Historically, governments that incur large budget deficits and national debts have almost always favored inflating their way out of debt. The easy solution for a government is to print money to pay its financial obligations and let higher inflation reduce the real value of the debt outstanding. Financial markets concluded that with current policy trends, the U.S. would eventually do the same. As a result, financial markets added an inflationary premium on long-term Treasury debt. Despite the falling Fed Funds rate during 1991 and 1992, long-term interest rates remained at high levels. This was because long-term interest rates included the inflationary premium required to protect savers against the uncertainty of future inflation that could result from the tremendous level and growth in government debt. Short-term interest rates did not include the inflationary premium because that debt would mature before any significant rise in inflation rates.

In conclusion, President Bush eventually fell victim to the federal budget deficits of the 1980s and his term. Alarmed by the increasing federal deficits and escalating national debt, financial markets kept long-term interest rates at high levels even with the consistent drop in the Fed Funds rate which took place during 1991-92. Despite the control the Federal Reserve has over the Fed Funds rate, the inability of the Fed to also lower long-term interest rates meant that their expansionary monetary policy would have little impact on stimulating aggregate demand.

There is an Economic Free Lunch

Setting federal budget reduction as his primary economic objective, President Clinton raised taxes shortly after taking office. Traditional economic theory emphasizes that higher taxes will reduce the rate of aggregate demand growth and economic growth. For President Clinton the effect was just the opposite. Because of the large budget deficit he inherited when taking office, President Clinton was able to both raise taxes and stimulate economic growth. By raising taxes, he increased revenues and reduced the deficit. Pleased with Clinton's policies that reduced the budget deficit by over 50% (both in total amount and as a percentage of GDP) financial markets gave their blessing by reducing long-term interest rates substantially.

Long-term interest rates fell with President Clinton's deficit reduction program because future inflationary fears subsided and the inflationary premium on long-term interest rates was reduced. Soon long-term interest rates fell back into line with short-term interest rates, as the spread or gap between the two returned to the historical norm. The Federal reserve has a rough estimate that for every 0.10% decrease in long-term interest rates, economic activity increases by $10 billion. When President Clinton reduced the budget deficit, long-term interest rates quickly fell by about 2.0% (from around 8% to 6%). For the economy as a whole this resulted in an extra $200 billion stimulus to GDP growth.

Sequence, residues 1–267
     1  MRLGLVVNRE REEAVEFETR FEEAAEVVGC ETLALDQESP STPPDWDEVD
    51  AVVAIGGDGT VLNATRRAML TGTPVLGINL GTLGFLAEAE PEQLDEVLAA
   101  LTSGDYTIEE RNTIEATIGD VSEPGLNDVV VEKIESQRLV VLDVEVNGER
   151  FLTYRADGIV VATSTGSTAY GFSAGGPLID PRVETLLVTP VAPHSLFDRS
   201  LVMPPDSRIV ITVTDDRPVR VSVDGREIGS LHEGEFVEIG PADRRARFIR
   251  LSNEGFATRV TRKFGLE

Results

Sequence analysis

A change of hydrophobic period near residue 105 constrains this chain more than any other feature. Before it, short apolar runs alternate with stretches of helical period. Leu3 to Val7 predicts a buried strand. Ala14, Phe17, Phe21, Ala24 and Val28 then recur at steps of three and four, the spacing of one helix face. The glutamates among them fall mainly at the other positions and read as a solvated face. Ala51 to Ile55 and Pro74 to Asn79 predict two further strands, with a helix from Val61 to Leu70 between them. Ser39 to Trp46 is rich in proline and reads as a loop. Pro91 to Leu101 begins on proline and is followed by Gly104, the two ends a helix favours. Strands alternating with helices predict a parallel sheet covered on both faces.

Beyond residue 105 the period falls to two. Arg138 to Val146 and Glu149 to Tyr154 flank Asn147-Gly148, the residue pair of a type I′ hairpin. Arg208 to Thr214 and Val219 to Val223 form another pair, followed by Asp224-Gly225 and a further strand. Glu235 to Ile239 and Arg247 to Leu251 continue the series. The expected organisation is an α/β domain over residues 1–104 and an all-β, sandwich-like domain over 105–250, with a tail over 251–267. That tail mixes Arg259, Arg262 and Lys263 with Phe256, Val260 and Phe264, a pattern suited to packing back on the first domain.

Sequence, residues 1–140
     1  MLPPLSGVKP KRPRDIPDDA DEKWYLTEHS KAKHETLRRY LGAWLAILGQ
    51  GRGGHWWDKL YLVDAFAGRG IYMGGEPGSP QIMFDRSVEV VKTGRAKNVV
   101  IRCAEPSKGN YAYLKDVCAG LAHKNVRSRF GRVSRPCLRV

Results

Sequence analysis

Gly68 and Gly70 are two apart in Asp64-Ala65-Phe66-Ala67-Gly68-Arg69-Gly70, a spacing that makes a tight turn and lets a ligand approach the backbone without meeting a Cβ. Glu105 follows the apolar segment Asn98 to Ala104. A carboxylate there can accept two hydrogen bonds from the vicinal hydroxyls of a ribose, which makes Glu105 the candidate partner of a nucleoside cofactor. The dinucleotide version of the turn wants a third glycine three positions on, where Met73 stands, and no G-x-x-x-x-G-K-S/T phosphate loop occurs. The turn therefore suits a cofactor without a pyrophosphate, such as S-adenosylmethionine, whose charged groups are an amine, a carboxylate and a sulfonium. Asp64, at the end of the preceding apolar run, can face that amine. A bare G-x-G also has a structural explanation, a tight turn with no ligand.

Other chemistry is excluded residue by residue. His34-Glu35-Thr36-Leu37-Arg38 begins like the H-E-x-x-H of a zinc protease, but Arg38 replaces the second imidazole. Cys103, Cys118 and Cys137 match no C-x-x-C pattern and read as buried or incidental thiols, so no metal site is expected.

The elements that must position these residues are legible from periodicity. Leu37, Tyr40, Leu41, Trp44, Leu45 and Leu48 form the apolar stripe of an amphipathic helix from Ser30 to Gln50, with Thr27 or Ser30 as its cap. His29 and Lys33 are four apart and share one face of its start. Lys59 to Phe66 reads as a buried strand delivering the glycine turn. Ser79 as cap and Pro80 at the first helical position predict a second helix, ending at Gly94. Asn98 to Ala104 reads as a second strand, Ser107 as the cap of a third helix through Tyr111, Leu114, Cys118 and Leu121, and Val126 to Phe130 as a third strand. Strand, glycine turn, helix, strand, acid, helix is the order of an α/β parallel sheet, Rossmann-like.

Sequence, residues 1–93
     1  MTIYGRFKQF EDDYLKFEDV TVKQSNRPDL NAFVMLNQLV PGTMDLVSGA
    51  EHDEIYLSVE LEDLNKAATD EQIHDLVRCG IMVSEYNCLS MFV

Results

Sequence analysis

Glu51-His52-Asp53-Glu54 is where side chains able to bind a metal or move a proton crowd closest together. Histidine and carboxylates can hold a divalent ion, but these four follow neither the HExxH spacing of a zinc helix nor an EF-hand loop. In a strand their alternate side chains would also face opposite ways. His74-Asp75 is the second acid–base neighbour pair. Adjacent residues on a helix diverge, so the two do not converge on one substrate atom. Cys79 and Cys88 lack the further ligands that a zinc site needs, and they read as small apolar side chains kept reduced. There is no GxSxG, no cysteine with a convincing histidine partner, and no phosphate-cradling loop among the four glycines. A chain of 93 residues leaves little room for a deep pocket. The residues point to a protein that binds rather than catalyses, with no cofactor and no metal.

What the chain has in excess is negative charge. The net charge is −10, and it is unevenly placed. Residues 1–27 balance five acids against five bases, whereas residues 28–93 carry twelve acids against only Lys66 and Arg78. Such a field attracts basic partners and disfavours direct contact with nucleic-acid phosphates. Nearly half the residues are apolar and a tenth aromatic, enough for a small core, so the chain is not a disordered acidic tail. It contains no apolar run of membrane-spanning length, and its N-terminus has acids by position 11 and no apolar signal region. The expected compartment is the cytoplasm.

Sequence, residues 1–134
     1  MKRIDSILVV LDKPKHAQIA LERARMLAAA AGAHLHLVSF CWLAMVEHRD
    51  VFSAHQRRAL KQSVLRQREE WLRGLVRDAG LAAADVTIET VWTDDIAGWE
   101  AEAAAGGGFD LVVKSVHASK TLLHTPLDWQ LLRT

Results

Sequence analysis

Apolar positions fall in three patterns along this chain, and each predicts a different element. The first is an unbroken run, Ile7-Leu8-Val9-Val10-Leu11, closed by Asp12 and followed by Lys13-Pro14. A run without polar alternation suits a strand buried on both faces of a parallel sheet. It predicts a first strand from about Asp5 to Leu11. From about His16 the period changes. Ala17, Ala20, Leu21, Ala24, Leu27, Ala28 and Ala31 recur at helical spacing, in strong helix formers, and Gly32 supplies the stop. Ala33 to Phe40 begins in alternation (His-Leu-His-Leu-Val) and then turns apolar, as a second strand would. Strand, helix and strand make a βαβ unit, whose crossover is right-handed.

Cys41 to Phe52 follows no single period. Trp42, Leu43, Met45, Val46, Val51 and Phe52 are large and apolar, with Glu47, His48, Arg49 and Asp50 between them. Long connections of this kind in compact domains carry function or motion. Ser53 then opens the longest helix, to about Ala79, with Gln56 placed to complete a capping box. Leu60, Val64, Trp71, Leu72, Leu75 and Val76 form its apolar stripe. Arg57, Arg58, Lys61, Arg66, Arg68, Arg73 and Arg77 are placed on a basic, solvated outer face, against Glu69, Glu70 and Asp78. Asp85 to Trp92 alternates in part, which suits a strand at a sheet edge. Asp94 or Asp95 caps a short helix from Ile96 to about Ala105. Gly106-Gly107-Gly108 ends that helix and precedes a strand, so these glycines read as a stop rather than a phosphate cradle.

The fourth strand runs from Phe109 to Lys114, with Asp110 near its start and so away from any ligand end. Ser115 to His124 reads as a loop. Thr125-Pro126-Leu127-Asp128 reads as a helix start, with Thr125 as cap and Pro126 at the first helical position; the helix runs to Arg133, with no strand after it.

In this section we have looked at the use of Fed policy in theory and in practice. By making the assumptions that the spread between short-term and long-term interest rates remains constant and that investment demand is responsive to changes in long-term interest rates, we can see how the Fed has tremendous control over U.S. economic conditions. For the majority of time in practice, Fed policy works very closely to the theory presented here. But Fed policy has its weak links, especially the Fed's lack of direct control over long-term interest rates. This connection primarily fails when the Fed is undertaking an expansionary monetary policy.

Political Money

Money is an integral part of the development of modern economic systems. In this course we look at the economic role of money, but often the political aspect of monetary policy can not be separated from its economic purpose. Consider the case of Russia, where politicians often have used the control of the money supply to advance political goals at the cost of the overall economy.

In the earliest days of communism, the Russian government printed rubles endlessly with the stated goal of driving the value of the currency to zero. The reasoning was that in a truly communist system there was no need for money. Instead, there would be a direct exchange of goods and labor. Although money never disappeared from communist Russia, a token or closed economy dominated. In a token system, the tokens (rubles) distributed could only be redeemed for goods within that system.The system was limited to Russia and its satellite countries since trade outside the Soviet block scarcely existed. Furthermore, the value of the currency was not the same for all. Those who held a favored status in Russia would pay less in rubles for goods than the typical Russian would pay for the same item.

Communist Russia featured a centrally planned system when government Bureaucrats would make decisions regarding all aspects of the economy. The government replaced the market in the allocation of  inputs such as labor and capital to the production of goods. Officials would decide what goods would be produced and in what quantity. What was created was essentially a barter system where labor was immediately exchange for goods. Lacking a private banking and financial system, there was no return on savings and little reason or opportunity to save.

Copyright (C) 2002, Jay Kaplan
All rights reserved